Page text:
Well, then, is there any antiquarian spirit at all amongst us? Is there any independent and gratuitous attachment to what is old and obsolete, and alien both from our own habits and our own compulsory studies ? I have nothing to say about what is called History—that is political and philosophical History. I only care now to speak of wrecks and vestiges-old forms of thought-old ways of setting forth human wants-old relics of material craft--the staple of antiquarian researches.

Whatever there may be in our minds of inquisitiveness about all this, will be found, I imagine, to lie mainly within the scope of our own country. England has a great and varied store of gifts handed down from her past generations.

At every turn, in our reading and talking, in our strolls and reveries, we are met by some waif of time, which we cannot always slight, and are often sain to handle curiously. There is so much left us to link our thoughts with our own forefathers, that it is no wonder if we care little for what is foreign. It is only professed tourists who lack an excuse for knowing little about the remains of old life in other lands. The converse of this seems to hold good with regard to American travellers; they come fresh from a raw green world, and their researches into European antiquities are as keen as they are general. Their nation is one that throws as yet a short shadow; ours has its gray hills receding pile beyond pile, and it may be that we go darkling because we keep too close to what a declining sun projects from behind them. It may be that we make too much of the pomps and braveries and “ fair humanities” chronicled for us, and that our great mental and military victories have made us too proud to be wise in our generation.

I have made a sort of digression-let it serve me to break into a new head of my preachment. I have taken it for granted that England is the scope, the ample scope, for ordinary antiquaries of our standing. Now if the feeling be so far a bational one, it is well if it shall have begun, as patriotism ought to begin, by an affection radiating from home. I like to fancy a beginner in such lore catching the first impulse or half inpulse from the old ballads of his nurse, and the genealogies of his grandfather, exercising his early wonder on the uncouth mysteries of his paternal coat af arms, or on the quaint dresses ransacked out of the family wardrobe for a holiday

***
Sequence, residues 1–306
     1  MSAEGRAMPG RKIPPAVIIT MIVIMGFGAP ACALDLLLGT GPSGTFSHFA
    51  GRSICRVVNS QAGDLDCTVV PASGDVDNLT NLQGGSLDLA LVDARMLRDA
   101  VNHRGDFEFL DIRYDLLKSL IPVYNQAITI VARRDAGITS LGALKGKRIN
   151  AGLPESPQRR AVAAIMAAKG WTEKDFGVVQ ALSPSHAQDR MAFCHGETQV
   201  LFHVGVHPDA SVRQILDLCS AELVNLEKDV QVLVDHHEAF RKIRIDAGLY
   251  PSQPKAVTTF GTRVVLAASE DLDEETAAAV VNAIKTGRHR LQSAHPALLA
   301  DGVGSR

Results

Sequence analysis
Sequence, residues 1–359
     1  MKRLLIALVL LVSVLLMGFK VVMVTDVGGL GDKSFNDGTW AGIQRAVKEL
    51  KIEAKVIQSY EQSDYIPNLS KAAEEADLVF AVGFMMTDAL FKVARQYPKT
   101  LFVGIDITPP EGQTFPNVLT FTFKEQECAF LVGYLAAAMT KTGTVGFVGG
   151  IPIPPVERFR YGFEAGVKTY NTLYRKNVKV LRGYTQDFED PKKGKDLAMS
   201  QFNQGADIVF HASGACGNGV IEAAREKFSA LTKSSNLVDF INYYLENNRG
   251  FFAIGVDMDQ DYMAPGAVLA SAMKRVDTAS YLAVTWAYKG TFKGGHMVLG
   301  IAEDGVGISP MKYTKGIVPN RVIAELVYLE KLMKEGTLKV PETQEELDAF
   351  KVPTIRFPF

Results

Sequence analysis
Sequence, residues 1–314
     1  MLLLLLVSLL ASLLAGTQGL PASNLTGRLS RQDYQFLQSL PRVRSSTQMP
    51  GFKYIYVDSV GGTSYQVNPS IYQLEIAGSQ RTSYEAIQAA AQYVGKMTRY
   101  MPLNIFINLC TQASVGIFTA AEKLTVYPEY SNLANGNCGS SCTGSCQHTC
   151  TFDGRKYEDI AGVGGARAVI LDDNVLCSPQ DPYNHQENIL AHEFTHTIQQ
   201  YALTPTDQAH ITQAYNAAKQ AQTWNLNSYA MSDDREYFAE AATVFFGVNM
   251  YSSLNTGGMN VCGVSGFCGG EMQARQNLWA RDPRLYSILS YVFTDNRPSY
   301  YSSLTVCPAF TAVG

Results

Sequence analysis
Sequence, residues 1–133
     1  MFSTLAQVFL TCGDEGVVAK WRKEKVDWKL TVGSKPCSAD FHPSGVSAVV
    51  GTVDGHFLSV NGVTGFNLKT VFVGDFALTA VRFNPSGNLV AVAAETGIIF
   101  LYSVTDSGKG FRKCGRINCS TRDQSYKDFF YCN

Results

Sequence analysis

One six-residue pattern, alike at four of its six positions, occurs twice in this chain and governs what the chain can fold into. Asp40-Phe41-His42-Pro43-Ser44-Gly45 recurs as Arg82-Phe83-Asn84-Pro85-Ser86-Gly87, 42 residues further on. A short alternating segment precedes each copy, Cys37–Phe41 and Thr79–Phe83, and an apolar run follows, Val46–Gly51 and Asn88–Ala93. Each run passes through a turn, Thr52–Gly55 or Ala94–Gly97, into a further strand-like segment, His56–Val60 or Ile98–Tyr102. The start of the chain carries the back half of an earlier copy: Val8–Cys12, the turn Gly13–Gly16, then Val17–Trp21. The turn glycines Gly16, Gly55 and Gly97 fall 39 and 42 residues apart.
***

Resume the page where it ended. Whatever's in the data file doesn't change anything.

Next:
dressing up,” or on a grim unreadable folio put just out of arm's length in the time hallowed dust of his father's library. From these beginnings he will proceed to musing about the doleful fragments of saintly lips and noses, which catch his wandering eyes on a Sunday; perhaps a stately lady imbedded in the pavement looks up to him fixedly, when he stoops to see what metal it is that his heels have rung against in sauntering up the aisle, and then haply he wonders why modest matrons of those good days should be so brazen-faced after death-in truth it is hard if there is nothing in that familiar Church to make him ask a question. The village or its neighbours must certainly have an old gabled house, or a Roman encampment, or a way-side cross, to help the growth of the inquisitive habit, and it were strange indeed if there never came in bis way book, or tradition, or word-of-mouth interpreter to give something of clearness and substance to his speculations.

Bye and bye a county history opens at an attractive page-he reads of people making wars and founding abbeys with names otherwise familiar to him; such worthies of the shire take a place in his imagination; all manner of dim but quick notions go swarming up to cluster round these family trees, and there is the sunshine of young sensibility to encourage and gladden their working. If the boy has a soul, he sets about castlebuilding. “ Wonder becomes interest, and interest soon